Do Consumers Use Calorie Labels?
"Americans are now officially supersized," said a recent New York Times editorial, citing increasingly ponderous figures on obesity. Nearly two-thirds of adults and millions of children are packing pounds that put their health at risk.
Among the ideas for reversing this trend was a call for nutrition labeling in fast food and other chain restaurants. But will it help?
That's the question driving a new study led by Rebecca Krukowski, doctoral student in psychology, that will be published in the Journal of the American Dietetic Association in June. The answers aren't encouraging. Significant numbers of people surveyed indicated that they lacked either the knowledge or inclination to effectively use labels in restaurants.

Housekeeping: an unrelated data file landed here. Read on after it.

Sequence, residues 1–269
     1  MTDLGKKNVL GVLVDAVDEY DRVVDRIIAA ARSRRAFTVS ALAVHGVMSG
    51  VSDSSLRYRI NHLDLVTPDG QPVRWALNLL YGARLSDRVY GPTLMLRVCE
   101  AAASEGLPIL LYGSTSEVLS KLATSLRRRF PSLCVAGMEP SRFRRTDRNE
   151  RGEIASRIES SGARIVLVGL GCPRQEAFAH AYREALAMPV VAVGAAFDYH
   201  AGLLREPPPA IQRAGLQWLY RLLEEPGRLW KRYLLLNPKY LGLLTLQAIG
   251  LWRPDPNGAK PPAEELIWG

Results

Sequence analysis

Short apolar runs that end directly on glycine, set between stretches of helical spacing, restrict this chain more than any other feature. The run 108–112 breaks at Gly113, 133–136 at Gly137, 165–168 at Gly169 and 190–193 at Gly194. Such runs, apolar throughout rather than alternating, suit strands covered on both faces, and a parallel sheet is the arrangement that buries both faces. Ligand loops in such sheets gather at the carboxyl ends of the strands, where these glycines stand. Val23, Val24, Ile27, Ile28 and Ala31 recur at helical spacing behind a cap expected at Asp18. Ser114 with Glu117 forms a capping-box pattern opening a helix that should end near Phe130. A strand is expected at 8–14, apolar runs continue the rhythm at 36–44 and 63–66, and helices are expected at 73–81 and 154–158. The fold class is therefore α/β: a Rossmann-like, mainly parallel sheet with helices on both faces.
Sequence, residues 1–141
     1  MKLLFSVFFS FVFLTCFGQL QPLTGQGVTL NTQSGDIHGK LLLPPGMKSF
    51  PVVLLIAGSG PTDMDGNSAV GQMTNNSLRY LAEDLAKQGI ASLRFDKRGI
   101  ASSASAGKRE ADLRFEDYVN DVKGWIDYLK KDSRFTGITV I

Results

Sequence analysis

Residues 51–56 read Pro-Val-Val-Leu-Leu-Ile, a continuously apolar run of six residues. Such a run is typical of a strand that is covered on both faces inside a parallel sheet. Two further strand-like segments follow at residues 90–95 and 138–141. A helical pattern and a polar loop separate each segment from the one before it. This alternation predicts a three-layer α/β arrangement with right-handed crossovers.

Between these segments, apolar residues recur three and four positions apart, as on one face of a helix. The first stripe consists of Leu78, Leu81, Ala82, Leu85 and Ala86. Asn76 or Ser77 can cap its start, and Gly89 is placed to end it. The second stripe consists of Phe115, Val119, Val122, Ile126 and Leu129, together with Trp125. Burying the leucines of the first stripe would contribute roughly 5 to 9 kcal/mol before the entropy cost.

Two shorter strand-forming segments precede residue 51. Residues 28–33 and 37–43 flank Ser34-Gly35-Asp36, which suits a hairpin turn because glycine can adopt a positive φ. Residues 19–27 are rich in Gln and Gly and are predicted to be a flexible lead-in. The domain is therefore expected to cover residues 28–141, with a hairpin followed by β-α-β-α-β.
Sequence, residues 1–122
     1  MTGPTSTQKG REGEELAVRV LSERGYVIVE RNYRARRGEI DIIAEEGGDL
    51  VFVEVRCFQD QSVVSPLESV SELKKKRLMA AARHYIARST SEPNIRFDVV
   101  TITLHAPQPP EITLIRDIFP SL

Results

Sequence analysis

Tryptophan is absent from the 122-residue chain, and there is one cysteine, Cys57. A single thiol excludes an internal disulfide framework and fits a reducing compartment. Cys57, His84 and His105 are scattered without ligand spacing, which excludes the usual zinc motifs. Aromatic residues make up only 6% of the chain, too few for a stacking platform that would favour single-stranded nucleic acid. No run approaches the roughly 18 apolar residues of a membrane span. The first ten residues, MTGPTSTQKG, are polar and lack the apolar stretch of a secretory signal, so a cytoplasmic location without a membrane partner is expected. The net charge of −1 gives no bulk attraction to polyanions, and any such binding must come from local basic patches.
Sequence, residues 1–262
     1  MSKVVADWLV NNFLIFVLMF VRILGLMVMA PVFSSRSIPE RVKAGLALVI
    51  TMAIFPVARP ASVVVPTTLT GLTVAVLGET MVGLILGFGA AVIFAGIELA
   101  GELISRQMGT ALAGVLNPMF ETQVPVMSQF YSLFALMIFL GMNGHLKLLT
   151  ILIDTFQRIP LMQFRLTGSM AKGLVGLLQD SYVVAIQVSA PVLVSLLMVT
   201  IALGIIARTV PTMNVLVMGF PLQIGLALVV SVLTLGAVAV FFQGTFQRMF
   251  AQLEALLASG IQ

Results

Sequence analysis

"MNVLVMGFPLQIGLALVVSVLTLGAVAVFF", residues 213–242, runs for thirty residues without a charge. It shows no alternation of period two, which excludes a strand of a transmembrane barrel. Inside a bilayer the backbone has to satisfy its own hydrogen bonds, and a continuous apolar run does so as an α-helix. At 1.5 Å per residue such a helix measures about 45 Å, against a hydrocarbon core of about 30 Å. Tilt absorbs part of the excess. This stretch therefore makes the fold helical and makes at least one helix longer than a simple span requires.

"We were kind of surprised at our results," says Krukowski, who co-authored the paper with Jean Harvey-Berino, Jane Kolodinsky, Rashmi Narsana and Thomas DeSisto. "It appears that a large portion of the population isn't interested in having (nutritional information)."
That Americans might benefit from acting upon such data is clear. Thirty-seven percent of adults in a large representative sample reported eating at a fast-food restaurant at least once during a two-day period. According to a report by the FDA Working Group on Obesity, Americans spend nearly half of their food budget outside the home